Editor's note - Tabor Children's Services now runs its programs from the home, where the children's dormitories were discontinued in 1981.


Chef stabbed by dish-washer at Monument House -

James Weatherly, the chef at the Monument House [on North Main Street, where Third Federal Bank is today], had a very narrow escape from being murdered Thursday morning by Roger Ragland, the dish-washer, who slashed him seriously on the right side of the neck and on the side. Two arteries were cut and Weatherly bled profusely, but he will recover.

Ragland and Weatherly, both very large men, were working in the kitchen together shortly after six o'clock when the dish-washer started to fool around with one of the waitresses who was trying to draw some water. Weatherly remonstrated with him twice, and after the second rebuke, the chef says, Ragland suddenly drew his penknife and attacked him.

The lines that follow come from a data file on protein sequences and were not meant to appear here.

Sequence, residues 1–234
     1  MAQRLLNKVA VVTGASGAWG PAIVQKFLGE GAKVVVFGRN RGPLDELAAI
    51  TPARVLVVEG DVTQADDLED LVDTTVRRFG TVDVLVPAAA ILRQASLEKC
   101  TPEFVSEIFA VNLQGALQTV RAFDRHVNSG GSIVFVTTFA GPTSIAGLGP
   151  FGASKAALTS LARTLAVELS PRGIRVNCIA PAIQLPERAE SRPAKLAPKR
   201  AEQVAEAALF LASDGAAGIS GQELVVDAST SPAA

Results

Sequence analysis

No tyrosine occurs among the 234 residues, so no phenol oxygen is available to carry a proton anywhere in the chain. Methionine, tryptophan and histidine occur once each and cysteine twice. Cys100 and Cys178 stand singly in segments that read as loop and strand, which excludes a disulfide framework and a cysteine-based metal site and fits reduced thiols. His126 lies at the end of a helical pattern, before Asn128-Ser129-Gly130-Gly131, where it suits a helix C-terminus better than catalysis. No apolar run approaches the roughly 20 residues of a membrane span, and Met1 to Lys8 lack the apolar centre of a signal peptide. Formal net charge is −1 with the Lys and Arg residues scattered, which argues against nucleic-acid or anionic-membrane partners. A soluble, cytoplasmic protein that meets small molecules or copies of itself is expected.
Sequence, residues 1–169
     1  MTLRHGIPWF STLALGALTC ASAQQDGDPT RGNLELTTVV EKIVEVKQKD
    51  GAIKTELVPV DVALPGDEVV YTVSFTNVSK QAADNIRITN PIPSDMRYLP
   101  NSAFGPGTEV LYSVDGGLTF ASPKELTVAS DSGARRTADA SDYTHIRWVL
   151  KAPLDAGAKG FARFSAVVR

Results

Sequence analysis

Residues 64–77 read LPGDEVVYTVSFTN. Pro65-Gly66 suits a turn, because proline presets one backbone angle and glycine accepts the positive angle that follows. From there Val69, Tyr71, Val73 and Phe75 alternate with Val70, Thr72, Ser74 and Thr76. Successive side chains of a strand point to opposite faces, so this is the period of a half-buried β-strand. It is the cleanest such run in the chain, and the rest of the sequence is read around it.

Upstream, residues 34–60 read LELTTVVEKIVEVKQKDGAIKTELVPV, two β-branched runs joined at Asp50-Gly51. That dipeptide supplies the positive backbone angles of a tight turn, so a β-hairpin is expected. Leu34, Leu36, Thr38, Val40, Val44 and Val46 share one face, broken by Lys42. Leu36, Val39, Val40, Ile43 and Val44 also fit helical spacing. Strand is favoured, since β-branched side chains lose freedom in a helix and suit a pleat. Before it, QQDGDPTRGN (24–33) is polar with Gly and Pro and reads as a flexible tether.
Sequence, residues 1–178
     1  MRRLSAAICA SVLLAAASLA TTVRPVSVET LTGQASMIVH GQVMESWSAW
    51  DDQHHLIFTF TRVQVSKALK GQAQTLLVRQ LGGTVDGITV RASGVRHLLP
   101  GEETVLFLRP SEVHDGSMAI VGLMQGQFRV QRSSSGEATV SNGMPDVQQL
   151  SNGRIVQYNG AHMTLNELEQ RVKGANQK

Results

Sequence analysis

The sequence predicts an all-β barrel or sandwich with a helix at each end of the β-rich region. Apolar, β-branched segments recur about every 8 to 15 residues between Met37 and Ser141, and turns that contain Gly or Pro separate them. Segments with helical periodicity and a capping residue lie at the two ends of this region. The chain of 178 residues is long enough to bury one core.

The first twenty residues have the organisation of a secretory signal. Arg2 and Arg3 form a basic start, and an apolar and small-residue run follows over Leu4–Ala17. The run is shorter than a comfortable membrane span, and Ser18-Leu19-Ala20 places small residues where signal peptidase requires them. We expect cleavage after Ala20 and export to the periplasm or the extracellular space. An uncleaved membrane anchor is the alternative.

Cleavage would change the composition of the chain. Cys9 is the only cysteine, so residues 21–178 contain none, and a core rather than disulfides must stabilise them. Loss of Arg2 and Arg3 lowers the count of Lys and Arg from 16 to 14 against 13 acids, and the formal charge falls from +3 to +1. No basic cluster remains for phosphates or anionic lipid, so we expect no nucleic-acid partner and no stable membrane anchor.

Weatherly claims he attempted to retreat to the cafe, but Ragland caught him at the door. After cutting two gashes through two coats and other clothing into his side, Ragland made a slash at his neck and cut a deep gash on the right side from the hair-line to the point of the chin, cutting the arteries.

Weatherly, bleeding profusely, managed to get away and call for help, and was hurried to Dr. Felix Murphy nearby, who worked with him for an hour. Seventeen stiches were necessary to close the wound in the neck.